The Last Battle of the SMS Emden

The Battle


On November 9, 1914, the German Light Cruiser SMS Emden under the command of Captain von Müller entered Port Refuge off Direction Island in the Cocos (Keeling) Group of Islands with the intention of destroying the British Cable and Wireless Station on the island.

cocos (keeling) islands

The Cable and Wireless Station was an important communication link. Submarine cables connected to Perth on the West coast of Australia, and also to Batavia and Mauritius.

emden

At the time, Captain von Müller believed that British Warships were at least 250 miles away. (A British Convoy was, in fact, no more than 55 miles away).

von Müller
Captain von Müller

At 6.00 am a steam pinnace and two cutters under the command of Lieutenant von Mücke carrying 30 seaman, 15 technicians, and two wireless operators, left the Emden and headed for the shore.

By 6.30 am they had reached the shore and were met by nine members of the Cable and Wireless Station staff who offered no resistance.

They then set about destroying the installations, not before, however, the Cable and Wireless Station wireless operators had sent a message,



"SOS Strange ship in entrance"



At 9.15 am Captain von Müller recognised an impending problem. Smoke on the horizon which he thought to be from the Buresk,(a previously captured British collier used by the Emden for coaling), was in fact from the Royal Australian Navy cruiser HMAS Sydney under the command of Captain Glossop, who had responded to the SOS. The Emden's sirens were blown to alert the shore party to return to the Emden. The shore party embarked quickly in their vessels and made for the Emden, but were too late, and had to turn back to shore.

HMAS Sydney


Not wishing to be caught in the harbour, the Emden departed immediately and closed on the Sydney and at about 9.40 am at a range of about 9,000 yards opened fire. The Sydney was hit, four seaman were killed, others wounded and the automatic aiming devices of the Sydney put out of action.

The Sydney with her faster speed, six inch guns and greater range was able to get out of range of the Emden's guns, and over a period of the next hour and half, pounded the Emden with gunfire inflicting tremendous damage. The Emden tried to close with the Sydney to get in range and at one stage was able to do so, but her guns had been put out of action. At 10.40 am the Sydney fired a torpedo at the Emden, but it missed.

At 11.15 am, with much structural damage, guns and torpedo tubes out of action, two funnels demolished, the third at a crazy angle, fire, damage below the waterline and sinking, many wounded and dead seaman, Captain von Müller decided to run the Emden aground on North Keeling Island in an effort to save his wounded men and also to make the ship useless for the enemy.

emden
SMS Emden aground on North Keeling Island

But the action was not over.

The Sydney left the scene immediately to pursue the Buresk. The Sydney returned at about 1.00 pm towing two boats from the Buresk and with the Buresk's crew.(The 'take-over' German crew of the Buresk had scuttled the ship when the Sydney caught up with her). If Captain Glossop had been uncertain as to the identity of the ship he had been fighting, he was certainly informed by the Buresk's crew that it was the Emden.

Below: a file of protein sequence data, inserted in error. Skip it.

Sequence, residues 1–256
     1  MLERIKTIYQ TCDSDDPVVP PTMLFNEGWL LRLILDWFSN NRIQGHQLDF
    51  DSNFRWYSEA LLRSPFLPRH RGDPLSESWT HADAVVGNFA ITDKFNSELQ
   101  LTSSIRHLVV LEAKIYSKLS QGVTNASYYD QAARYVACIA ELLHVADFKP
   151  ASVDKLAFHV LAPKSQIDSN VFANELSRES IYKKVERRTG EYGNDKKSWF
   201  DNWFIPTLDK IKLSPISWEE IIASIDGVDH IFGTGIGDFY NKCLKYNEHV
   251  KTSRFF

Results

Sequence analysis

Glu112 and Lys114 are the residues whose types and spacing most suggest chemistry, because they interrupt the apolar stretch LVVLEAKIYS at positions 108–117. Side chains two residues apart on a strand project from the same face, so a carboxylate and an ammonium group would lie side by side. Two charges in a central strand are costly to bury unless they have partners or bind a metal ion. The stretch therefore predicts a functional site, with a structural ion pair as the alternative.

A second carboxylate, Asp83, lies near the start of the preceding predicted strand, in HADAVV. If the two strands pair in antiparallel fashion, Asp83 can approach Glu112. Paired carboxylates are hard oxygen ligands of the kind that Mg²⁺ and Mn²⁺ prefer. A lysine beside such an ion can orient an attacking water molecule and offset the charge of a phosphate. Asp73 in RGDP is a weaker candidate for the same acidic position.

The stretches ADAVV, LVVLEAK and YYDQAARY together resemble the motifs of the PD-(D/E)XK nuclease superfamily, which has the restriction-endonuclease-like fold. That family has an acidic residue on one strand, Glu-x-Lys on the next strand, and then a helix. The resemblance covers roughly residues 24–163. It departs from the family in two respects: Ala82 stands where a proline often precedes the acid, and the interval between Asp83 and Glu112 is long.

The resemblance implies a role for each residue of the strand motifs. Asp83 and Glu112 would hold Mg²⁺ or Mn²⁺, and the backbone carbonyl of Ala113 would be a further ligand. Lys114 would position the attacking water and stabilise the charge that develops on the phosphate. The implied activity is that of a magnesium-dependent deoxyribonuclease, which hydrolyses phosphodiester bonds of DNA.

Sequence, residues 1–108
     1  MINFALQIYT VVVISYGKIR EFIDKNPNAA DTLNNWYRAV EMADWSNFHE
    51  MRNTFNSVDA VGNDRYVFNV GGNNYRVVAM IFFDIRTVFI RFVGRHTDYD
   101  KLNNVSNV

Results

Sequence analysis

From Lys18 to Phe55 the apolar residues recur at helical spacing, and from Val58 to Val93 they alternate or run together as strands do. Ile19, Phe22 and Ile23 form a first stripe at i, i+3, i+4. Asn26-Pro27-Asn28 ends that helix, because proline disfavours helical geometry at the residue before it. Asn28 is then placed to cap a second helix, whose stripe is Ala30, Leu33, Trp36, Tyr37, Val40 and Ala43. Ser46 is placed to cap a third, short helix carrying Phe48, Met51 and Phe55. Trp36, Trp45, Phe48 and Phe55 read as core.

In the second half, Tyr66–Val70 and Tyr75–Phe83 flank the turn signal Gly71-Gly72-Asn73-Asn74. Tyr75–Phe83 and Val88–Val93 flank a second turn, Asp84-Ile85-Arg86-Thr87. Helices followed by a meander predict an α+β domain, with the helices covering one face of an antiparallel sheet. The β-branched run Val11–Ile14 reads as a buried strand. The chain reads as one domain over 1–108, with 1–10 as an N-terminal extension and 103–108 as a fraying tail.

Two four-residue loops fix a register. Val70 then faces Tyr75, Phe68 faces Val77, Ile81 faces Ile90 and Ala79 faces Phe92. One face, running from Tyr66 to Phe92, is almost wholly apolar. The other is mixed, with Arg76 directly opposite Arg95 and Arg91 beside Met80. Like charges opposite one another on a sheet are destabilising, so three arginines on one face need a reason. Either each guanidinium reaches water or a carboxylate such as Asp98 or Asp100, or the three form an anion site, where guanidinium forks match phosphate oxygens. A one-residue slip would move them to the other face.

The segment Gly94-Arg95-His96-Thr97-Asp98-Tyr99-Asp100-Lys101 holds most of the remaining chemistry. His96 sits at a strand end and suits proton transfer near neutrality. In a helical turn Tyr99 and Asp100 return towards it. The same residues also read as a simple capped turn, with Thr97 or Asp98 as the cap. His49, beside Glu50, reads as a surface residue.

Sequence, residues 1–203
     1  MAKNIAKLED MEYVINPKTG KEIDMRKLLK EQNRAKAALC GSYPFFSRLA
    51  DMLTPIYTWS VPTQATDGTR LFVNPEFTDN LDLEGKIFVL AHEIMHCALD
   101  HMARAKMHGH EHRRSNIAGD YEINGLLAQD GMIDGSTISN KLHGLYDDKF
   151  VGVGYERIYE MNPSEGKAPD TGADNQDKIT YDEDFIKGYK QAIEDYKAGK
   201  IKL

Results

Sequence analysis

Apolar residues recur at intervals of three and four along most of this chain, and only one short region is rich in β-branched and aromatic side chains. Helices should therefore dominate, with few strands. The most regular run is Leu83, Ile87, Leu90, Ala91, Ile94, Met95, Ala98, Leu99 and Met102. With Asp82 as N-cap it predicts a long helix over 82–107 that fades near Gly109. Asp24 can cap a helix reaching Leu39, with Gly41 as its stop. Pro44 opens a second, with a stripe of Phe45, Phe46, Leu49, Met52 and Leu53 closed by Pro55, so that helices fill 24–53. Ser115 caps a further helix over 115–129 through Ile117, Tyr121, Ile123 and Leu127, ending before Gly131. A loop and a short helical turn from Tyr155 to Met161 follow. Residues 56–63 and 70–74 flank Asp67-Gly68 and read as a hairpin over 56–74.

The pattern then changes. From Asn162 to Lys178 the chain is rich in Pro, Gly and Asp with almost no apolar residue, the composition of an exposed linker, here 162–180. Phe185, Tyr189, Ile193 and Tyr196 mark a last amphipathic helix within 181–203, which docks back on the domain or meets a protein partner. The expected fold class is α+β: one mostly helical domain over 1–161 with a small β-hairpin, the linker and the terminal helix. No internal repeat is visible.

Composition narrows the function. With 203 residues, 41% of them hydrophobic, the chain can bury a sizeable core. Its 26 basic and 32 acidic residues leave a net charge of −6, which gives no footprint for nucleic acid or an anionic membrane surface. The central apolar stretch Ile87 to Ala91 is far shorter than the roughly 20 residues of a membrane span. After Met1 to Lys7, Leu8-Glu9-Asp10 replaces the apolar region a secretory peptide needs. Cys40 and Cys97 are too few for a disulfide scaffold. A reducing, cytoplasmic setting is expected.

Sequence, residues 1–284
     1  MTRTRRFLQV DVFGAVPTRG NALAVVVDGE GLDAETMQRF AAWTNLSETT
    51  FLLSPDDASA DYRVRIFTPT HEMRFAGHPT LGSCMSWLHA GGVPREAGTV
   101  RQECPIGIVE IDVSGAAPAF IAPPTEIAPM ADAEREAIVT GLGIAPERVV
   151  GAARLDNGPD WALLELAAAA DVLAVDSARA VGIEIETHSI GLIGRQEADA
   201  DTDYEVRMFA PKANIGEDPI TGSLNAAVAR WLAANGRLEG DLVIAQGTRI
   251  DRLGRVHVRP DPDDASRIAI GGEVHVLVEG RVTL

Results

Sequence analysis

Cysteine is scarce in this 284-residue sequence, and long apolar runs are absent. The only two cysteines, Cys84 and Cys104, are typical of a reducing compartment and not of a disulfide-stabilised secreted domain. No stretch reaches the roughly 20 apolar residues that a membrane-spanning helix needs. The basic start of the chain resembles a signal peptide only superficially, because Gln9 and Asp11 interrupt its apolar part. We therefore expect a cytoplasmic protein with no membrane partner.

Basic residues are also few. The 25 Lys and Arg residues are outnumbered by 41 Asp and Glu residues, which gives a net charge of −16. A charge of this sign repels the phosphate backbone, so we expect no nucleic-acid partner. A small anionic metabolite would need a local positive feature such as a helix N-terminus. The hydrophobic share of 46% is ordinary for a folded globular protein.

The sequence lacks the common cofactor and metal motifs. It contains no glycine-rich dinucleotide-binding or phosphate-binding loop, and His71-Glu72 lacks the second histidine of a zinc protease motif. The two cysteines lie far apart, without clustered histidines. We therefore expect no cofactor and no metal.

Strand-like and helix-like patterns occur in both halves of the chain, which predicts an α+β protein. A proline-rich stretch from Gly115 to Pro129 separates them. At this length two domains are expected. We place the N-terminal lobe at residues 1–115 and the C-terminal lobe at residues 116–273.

The Sydney then approached within about 4000 yards of the Emden and signalled the Emden,"Do you surrender? The Emden replied with flags, "No signal books" (the books had been thrown overboard when the Emden ran aground). The Sydney again signalled the Emden,"Do you surrender". This was not acknowledged. Another signal from the Sydney,"Have you received my signal?" No answer from the Emden. The Emden's Battle flag was still flying. Captain Glossop fired again on the Emden causing further damage and more loss of life. Eventually, the colours were cut down and a white flag waved. Thereafter the firing stopped.

The Sydney despatched a boat carrying some members of the German crew of the Buresk to go to the stricken Emden. The Sydney then headed for Direction Island to capture the German shore party. However, it was night time on arrival and the Sydney waited until the morning, but there was no sign of the Germans. They had escaped in the schooner Ayesha.

Captain Glossop borrowed a Doctor and two assistants from the Wireless station and proceeded as fast as possible to the Emden's aid.

The injured and uninjured crew of the Emden were taken on board the Sydney which set course for Columbo.

On 12 November, the slightly injured and some of the uninjured were transferred to the Empress of Russia.Forty nine wounded German sailors were sent to Hospital in Columbo, and after recovery were sent to Australia to prisoner-of-war camps.

The remaining prisoners on board the Empress of Russia were distributed among several Transports and were sent to prisoner-of-war camps in Malta.




Battle Map



The Cost in Lives
The Emden lost 134 killed and 65 wounded. The Sydney lost 4 killed and 12 wounded.

Postscript
The Emden remained aground on North Keeling Island until 1960 when a Japanese scrap metal company salvaged the metal from the vessel. The remains have slipped back down the reef, where they now lie in 8 metres of water.

The Emden has been declared an historic shipwreck.

Following the Emden battle, the Sydney served in UK waters for the remainder of the war. Post war she returned to Australia and later became the flagship. She was scrapped in 1929.
Return to Emden Page


| About the Emden | Cocos (Keeling) Islands | Emden's War Exploits |
| Battle Map |
| Direction Island Revisited | Memorabilia and Photos
| Cable and Wireless Station | The Ayesha |

| Contact |